On our farm we will keep our bucks separate until breeding season.
The artificial synchronization process can have different approaches since most of the processes are considered to be off-label, meaning methods used for other specific livestock species are used.
Often this type synchronizing is used when goats or does are “out of season” for breeding. It often helps increase the percentage of the herd being bred in this situation.
In the past we’ve done some fall kidding on our farm. In that situation we’ve use a combination of CIDRs and PG600. While it worked well, we’ve decided to just stick to one kidding season based on a fall breeding season.
Goat AI or Artificial Insemination
Goat AI or known as artificial insemination is another breeding tool that can be used. Farmers and ranchers who choose to use AI often do so to improve genetics of their goat herd without purchasing a new buck, or so they don’t have to keep bucks on their farm.
However, the artificial insemination process for goats is a little more complicated as compared to cows or other livestock species. This means goat AI breeding may not be as effective.
While I have limited AI training. I did attend a goat AI breeding school many years ago. My observations are based on the training I received and the feedback from the instructor who also had many years of experience in breeding cows as well.
Another challenge for AI in the goat industry is the lack of goat breeders for hire and options for purchasing goat semen. Unlike the dairy or beef cow industry, there are few businesses focused on these services. Some farms will sell straws of goat semen direct, but you’ll want to do some homework to make sure you’re getting product from a trusted source.
Pregnancy checks for your goats
Some farmers and ranchers will choose to pregnancy check their goat herd. There are two options that can be done.
- Goat ultrasound: A Goat ultrasound machine can be done as soon as 30 days after the goat is bred. At 40-70 days after breeding the goat ultrasound will typically be able to show how many fetuses, or babies, the doe is carrying (Blach).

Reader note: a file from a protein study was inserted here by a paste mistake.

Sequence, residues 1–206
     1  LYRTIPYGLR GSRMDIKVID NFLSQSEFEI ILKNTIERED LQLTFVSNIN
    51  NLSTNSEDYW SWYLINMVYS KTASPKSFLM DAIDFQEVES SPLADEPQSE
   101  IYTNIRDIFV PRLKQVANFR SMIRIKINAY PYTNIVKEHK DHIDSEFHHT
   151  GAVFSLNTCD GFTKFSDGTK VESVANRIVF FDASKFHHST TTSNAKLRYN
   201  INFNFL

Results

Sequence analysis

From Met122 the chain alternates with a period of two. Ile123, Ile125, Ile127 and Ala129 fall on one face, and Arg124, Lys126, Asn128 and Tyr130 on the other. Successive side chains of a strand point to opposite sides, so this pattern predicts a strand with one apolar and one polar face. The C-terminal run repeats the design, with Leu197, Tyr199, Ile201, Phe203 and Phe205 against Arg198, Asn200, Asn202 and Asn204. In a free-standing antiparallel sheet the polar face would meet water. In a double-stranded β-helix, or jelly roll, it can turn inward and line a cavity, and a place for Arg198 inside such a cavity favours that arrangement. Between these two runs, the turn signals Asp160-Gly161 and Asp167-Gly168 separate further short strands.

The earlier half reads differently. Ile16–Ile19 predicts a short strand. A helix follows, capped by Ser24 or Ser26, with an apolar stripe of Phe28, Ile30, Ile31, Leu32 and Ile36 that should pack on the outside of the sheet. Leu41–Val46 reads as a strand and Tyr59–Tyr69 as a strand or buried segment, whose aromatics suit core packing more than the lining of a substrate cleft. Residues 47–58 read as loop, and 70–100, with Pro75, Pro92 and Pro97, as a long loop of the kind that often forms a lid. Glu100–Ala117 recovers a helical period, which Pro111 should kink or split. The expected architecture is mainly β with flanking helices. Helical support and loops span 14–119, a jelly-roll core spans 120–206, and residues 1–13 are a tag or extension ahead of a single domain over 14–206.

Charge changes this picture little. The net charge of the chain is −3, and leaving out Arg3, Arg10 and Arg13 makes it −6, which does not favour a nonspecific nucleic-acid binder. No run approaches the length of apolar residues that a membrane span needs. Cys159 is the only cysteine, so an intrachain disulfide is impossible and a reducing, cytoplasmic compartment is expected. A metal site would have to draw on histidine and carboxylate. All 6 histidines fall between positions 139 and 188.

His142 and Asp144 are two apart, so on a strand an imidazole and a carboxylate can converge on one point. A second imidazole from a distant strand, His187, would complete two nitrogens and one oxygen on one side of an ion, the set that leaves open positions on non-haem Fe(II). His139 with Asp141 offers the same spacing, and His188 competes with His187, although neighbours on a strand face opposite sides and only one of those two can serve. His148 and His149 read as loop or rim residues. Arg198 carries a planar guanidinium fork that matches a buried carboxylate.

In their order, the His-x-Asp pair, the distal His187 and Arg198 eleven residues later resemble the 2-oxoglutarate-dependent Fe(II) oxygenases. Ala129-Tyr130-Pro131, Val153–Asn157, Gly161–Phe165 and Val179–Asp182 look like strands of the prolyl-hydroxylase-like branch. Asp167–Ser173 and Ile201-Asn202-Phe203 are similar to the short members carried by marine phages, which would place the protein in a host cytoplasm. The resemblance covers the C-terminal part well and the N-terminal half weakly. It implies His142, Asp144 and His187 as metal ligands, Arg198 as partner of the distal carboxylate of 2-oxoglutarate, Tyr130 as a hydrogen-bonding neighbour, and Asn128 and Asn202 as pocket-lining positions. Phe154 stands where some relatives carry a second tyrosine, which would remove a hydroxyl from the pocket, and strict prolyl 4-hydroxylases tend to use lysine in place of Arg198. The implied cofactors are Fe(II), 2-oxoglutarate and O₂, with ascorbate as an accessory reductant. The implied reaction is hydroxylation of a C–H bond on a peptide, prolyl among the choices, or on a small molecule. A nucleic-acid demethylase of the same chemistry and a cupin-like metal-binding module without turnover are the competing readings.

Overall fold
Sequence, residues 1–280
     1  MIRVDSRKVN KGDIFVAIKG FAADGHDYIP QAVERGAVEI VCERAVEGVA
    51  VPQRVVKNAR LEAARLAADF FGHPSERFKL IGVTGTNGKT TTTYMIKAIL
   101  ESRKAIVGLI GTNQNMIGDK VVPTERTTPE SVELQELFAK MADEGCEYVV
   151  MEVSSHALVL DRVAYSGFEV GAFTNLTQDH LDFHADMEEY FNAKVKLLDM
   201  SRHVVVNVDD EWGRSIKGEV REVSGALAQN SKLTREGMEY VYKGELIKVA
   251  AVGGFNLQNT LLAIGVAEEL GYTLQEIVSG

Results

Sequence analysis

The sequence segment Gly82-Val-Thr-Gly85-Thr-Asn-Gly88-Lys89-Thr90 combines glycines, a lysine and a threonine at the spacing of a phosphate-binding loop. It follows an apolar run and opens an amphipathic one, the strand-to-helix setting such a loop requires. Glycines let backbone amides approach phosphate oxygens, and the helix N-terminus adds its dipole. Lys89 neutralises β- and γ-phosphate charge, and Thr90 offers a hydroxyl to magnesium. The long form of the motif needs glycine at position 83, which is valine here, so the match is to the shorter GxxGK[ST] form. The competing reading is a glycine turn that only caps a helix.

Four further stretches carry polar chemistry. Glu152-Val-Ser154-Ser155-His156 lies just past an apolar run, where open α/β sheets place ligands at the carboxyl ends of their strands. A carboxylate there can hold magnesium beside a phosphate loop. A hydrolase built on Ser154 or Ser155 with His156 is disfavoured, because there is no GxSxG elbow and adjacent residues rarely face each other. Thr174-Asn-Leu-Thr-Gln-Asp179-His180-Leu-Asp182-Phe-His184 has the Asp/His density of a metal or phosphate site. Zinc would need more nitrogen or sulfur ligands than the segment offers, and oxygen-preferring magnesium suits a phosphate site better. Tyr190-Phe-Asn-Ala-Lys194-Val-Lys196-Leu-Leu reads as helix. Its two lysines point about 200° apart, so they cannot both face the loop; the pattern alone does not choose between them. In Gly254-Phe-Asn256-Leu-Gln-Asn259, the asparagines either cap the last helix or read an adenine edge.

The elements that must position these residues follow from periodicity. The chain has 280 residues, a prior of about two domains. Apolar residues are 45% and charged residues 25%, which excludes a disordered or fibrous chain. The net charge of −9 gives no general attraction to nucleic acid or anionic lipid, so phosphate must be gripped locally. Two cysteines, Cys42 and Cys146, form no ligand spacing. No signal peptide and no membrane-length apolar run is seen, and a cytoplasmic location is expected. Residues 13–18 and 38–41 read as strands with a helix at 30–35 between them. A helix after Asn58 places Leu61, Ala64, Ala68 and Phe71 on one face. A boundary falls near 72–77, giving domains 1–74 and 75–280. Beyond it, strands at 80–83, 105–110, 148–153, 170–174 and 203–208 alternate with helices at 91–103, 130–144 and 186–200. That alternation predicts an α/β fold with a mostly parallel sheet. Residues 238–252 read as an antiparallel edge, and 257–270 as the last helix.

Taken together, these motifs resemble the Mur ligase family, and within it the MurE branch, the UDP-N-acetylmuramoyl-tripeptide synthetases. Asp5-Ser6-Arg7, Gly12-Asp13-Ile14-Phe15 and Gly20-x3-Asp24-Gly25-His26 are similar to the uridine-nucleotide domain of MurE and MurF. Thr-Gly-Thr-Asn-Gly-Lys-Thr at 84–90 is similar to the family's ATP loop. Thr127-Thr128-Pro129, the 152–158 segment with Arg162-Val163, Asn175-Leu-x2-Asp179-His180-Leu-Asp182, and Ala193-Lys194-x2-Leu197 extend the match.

- Blood test: A blood test or serum test can be done as soon s 30 days after breeding.
On our farm we’ve done the blood test to confirm if we had any bred does out of season one year. However, for the cost and time spent doing ultrasounds or blood work, it doesn’t really make sense for our farm financially to do this. We’ve found that if we use a breeding harness, we have a good idea of when to expect kids. In most cases we’ve had a high conception rate in the fall.
Knowing if goats are bred or how many to expect doesn’t really impact how we are managing our herd at that exact point in time. Some farmers may have a different opinion, but that’s our perspective based on our situation.
Preparing for meat goat breeding season
Preparing for your goat herd’s breeding season includes both making breeding decisions and doing a physical assessment of your herd. Both should be done before breeding season actually starts.
Goat breeding decisions
Making the right goat breeding decisions can be especially important for the future of your herd. It’s easy to just take the approach of putting the buck in with all the does and call it a breeding season. But, long term it may not be the best choice to always breed every goat that you have and focus on your best does.
Factors to consider for breeding does will vary by farm, but can include:
- Maternal traits
- Body structure
- Breed confirmation
- Rate of gain of previous kids
- Other production characteristics
If you have more than one buck and choose to put your does in separate breeding groups, you’ll want to take into consideration the characteristics you are looking to add into your herd, as well as the genetic line existing on your farm.
Lastly, you’ll want to take into considering when you want to start kidding in the spring so you can plan your breeding dates. The doe’s gestation period is about 150 days. Using a due date calculator can help with this planning process.
How we make breeding decisions on our farm
For example, on our farm we take a fairly basic approach to our breeding decisions for our meat goats. Does that do not get bred back after the first year kidding do not stay in our herd. First time breeders, I will often give a pass, but after year two they don’t stay.